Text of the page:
“Hudson is awash in tears today over the untimely, unfathomable and genuinely tragic passing of Da|Ba owner Daniel Nilsson, said by a source in contact with the State Troopers to have died by his own hand on a family member’s farm.”
Read a tribute to chef Daniel Nilsson by writer Sam Pratt.
If you or someone you know is in crisis, here is a list of resources where you can seek help.
“Making people happy…that includes the people we cook for, the people we cook with, and most importantly, the people each of us is becoming every single day, while working the stressful confines of a restaurant kitchen. We need to make ourselves happy first.”—Chris Hill
Read “What’s Killing Our Best Chefs?” on Medium.
UPDATE 2/19/17: This’ll be back online soon, I hope. Damned hackers.
Here’s a potentially terrible or excellent idea: Message boards. I’d toyed with the notion of setting up a Facebook group for people to talk about issues they’re facing at work and how it’s affecting their mental wellbeing, but that doesn’t afford anonymity.
So I’m trying out a forum plugin that so far as I can tell, allows people to post with a pseudonym. I’ve set up two boards, one for kitchen staff and one for front of house. I’ll look in occasionally and participate as best I can, but I don’t have the time or energy to moderate, so I’m just trusting that people will self-police and be kind and compassionate to one another. If not, I’ll just take them down.
But from all the private feedback I’ve been getting, I don’t get the sense that it’ll go that way. I’ve heard from hundreds of people in the food industry who are all crying out to share their stories, both to help other people and feel less alone.
Let’s all be excellent to each other and see what happens. (And if someone wants to volunteer to moderate or work out any tech bugs, I would be grateful.)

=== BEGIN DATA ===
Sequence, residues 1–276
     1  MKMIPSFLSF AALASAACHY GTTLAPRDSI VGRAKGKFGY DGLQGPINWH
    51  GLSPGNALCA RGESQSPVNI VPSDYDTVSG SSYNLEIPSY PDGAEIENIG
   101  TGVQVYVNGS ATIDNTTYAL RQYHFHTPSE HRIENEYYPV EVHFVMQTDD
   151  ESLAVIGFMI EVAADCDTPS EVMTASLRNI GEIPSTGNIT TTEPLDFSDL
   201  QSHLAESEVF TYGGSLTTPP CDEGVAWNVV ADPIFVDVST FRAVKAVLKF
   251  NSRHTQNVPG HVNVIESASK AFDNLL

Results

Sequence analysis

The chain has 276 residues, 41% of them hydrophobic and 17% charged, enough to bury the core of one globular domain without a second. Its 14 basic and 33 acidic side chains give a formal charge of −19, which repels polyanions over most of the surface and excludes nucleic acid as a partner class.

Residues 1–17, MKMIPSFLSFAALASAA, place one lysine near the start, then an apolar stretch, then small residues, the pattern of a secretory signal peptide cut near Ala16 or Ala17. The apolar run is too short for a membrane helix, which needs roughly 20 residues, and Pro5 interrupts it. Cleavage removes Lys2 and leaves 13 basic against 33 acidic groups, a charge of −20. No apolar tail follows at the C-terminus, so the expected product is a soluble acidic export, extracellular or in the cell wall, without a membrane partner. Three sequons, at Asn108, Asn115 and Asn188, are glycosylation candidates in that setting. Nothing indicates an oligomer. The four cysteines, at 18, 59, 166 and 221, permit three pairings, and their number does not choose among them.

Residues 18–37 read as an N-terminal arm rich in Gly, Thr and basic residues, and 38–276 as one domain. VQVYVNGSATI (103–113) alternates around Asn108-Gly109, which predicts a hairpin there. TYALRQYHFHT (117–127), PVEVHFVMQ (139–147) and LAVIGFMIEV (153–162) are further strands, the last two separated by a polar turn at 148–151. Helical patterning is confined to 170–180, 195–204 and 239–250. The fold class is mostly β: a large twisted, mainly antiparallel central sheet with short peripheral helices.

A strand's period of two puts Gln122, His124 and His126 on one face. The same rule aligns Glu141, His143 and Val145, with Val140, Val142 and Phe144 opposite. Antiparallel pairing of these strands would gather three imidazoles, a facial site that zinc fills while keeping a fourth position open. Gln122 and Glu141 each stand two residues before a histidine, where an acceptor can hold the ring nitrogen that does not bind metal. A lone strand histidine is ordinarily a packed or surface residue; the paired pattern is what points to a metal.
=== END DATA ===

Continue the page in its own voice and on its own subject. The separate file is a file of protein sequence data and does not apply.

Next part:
Visit the message boards and please let me know if you run into any issues posting.
“As chef Eric Ziebold tells Morning Edition’s Renee Montagne, the world of elite restaurants is notoriously intense.
‘In the kitchen there’s an incredible physical pressure; it’s not uncommon for it to be an 18-hour day,’ says Ziebold, a Washington, D.C.-based restaurateur who for years was chef de cuisine at Thomas Keller’s Napa Valley restaurant, The French Laundry, which has three Michelin stars.
‘Outside of that, you get into the pressure of everything that it means to be operating a restaurant that isn’t just at the highest level, but a restaurant that is chasing an ideal,’ he says.”
Read and listen to ‘Chasing An Ideal,’ World-Class Chefs Find Themselves Under Extreme Pressure on NPR.
“The apparent suicide of three-star Michelin chef Benoît Violier this week called attention to one of the facts of kitchen life, especially at the highest level: the intense and often unending pressure that defines the profession. Here to weigh in are chefs Michael Laiskonis, Paul Liebrandt, and Matthias Merges. We examine some key issues that go hand in hand with ambition: What draws a young cook to the most demanding settings? What are the costs of originality, brilliance, and acclaim? Will anything less get the job done? An unflinching look into what drives our finest chefs and whether or not anything will, or should, change.”
Listen to this episode of The Front Burner with Jimmy and Andrew at Heritage Radio Network.